Cheick, please

  • @BeddieKU23 Agreed. Picking our spots with Bam Bam is the way to go. Ellis, Mick, Diallo (who to me will be cleared any day) and Bragg should get the minutes with Jamari coming in to do dirty work when the bigs in front of him in the rotation are in foul trouble, injured, Self’s dog house, etc.

    Hopefully this means that Lucas will be the #6 big which will translate into 2-3 minutes a game.

  • I’m “in” for Jamari being used in situations.

    Otherwise… I like the potential of Mick producing NOW.

    And, of course, I want to see Carlton get as much PT as possible. His PT is an investment not only in him, but in Kansas basketball! Jamari has had plenty of investment minutes thrown his way in the past. It is time for him to step aside for the potential coming up.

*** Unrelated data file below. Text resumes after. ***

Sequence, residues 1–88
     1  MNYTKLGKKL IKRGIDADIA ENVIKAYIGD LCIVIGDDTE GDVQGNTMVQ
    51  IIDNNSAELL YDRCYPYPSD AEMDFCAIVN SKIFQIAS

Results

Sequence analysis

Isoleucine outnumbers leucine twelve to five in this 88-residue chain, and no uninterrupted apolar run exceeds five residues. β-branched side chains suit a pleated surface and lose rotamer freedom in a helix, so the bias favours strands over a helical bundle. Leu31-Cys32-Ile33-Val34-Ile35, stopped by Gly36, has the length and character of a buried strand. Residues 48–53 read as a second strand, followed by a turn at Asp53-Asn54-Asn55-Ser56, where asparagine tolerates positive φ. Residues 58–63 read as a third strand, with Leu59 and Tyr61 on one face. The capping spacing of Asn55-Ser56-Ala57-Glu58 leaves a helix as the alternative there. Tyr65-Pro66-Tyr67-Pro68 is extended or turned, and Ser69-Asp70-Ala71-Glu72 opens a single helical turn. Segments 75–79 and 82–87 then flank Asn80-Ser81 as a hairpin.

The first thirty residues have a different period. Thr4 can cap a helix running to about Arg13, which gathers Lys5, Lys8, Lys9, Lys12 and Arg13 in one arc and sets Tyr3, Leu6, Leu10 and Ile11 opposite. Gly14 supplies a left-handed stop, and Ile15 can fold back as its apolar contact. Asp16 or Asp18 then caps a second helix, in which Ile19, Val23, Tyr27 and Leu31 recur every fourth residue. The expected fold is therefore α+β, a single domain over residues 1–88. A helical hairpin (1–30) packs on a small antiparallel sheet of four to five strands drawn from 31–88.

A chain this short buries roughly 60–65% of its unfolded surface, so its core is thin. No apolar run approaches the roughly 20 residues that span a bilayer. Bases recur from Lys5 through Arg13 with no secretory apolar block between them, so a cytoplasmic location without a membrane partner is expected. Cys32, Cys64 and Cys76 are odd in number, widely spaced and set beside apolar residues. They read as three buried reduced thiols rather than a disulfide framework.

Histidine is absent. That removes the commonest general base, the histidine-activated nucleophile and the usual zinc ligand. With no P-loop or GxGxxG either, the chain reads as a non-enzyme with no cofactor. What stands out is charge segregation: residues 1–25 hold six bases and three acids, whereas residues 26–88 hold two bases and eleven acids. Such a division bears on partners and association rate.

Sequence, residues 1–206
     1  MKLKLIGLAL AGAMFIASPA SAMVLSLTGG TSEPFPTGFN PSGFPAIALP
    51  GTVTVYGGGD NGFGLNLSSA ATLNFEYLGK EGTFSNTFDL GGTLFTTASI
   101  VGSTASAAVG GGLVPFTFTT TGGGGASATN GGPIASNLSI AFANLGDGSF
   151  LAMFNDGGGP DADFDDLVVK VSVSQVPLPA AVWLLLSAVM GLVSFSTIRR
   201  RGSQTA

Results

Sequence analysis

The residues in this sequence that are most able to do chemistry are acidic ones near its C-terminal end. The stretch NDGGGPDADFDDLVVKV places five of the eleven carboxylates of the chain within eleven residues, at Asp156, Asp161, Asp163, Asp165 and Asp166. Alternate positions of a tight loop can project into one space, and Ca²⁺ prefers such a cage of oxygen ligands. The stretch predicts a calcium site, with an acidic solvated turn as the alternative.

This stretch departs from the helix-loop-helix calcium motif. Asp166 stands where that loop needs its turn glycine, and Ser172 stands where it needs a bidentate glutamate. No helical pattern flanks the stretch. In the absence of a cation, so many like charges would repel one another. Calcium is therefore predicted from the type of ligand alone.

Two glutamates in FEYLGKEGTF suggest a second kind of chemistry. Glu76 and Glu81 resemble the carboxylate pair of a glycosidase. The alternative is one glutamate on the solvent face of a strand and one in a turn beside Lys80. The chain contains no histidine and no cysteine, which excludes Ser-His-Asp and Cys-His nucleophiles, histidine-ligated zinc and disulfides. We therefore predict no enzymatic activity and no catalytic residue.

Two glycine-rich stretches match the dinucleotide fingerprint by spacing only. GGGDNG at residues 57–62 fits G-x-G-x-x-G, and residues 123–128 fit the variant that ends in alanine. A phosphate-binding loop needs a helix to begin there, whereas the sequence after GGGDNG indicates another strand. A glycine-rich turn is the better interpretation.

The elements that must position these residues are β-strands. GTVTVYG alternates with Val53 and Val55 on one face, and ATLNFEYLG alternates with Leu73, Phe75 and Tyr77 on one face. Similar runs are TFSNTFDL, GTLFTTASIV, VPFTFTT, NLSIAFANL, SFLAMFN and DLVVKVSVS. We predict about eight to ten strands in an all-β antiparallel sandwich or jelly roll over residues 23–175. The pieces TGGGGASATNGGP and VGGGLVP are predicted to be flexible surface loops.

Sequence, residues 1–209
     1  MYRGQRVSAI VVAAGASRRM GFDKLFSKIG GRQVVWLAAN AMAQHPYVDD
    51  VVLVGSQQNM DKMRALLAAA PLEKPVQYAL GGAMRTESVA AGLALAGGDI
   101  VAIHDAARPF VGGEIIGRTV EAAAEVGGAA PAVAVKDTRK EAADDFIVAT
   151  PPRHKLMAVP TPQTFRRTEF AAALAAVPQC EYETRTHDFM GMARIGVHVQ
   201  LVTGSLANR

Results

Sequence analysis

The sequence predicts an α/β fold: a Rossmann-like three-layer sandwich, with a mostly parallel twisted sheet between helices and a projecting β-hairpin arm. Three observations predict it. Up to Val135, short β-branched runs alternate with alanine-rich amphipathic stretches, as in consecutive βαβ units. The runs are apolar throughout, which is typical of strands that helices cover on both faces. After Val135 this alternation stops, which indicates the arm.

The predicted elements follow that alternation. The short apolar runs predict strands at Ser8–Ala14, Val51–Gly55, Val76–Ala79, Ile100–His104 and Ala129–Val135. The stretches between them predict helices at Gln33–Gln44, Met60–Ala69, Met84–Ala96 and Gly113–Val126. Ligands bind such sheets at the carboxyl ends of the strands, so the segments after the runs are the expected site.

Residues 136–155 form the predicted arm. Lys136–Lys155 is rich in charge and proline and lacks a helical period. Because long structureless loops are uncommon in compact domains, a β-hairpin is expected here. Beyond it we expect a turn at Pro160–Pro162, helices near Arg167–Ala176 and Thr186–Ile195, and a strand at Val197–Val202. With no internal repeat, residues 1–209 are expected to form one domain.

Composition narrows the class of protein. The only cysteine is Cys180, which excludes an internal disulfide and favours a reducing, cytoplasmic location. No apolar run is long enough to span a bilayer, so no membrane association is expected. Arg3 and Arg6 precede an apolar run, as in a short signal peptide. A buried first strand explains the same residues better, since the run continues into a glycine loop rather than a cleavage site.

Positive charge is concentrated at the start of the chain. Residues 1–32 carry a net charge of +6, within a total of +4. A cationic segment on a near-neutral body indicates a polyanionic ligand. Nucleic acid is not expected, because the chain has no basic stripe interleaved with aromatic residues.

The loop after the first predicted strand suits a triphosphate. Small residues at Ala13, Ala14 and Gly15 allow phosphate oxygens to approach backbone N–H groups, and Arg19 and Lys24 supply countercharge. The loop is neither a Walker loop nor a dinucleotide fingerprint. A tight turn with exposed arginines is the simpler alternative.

• @HighEliteMajor I’m not sure if Traylor’s biggest improvement needs to be the video room.

    I could be wrong, but I witnessed Traylor as slashing when he needs to slash, being in the open spot of a zone, and passing off to other bigs.

    His biggest weakness is learning the basics of angles, footwork, and mid range game. Which is scary because if he does not have it now, when will he develope it? Mickelson seems to have more skills, but does not help on defense and rotate to get the right angles.

    Or maybe, as you have said repeatedly in the past, Self is simply more comfortable with Traylor and there is almost nothing Hunter can do to dislodge such an idea.

  • @drgnslayr I laughed pretty hard at this

  • @jaybate-1.0 said:

    How do we know if Cheick will be eligible?

    Self and Hunter are the miner’s canaries.

    If Self were smiling and stroking Big Mik, then Cheick would be a lost cause.

    If Self were treating Big Mik like last season, the waiter would have brought the Cheick.

    Good one 😆 Do we know where said waiter is? Have we seen any evidence of Self revealing his cards so to speak?

  • Kansas Recruiting ‏@kansasrecruit · Sep 19
    Can’t confirm anything, but apparently Cheick Diallo is telling people on campus that he has been cleared. Obviously this is great news!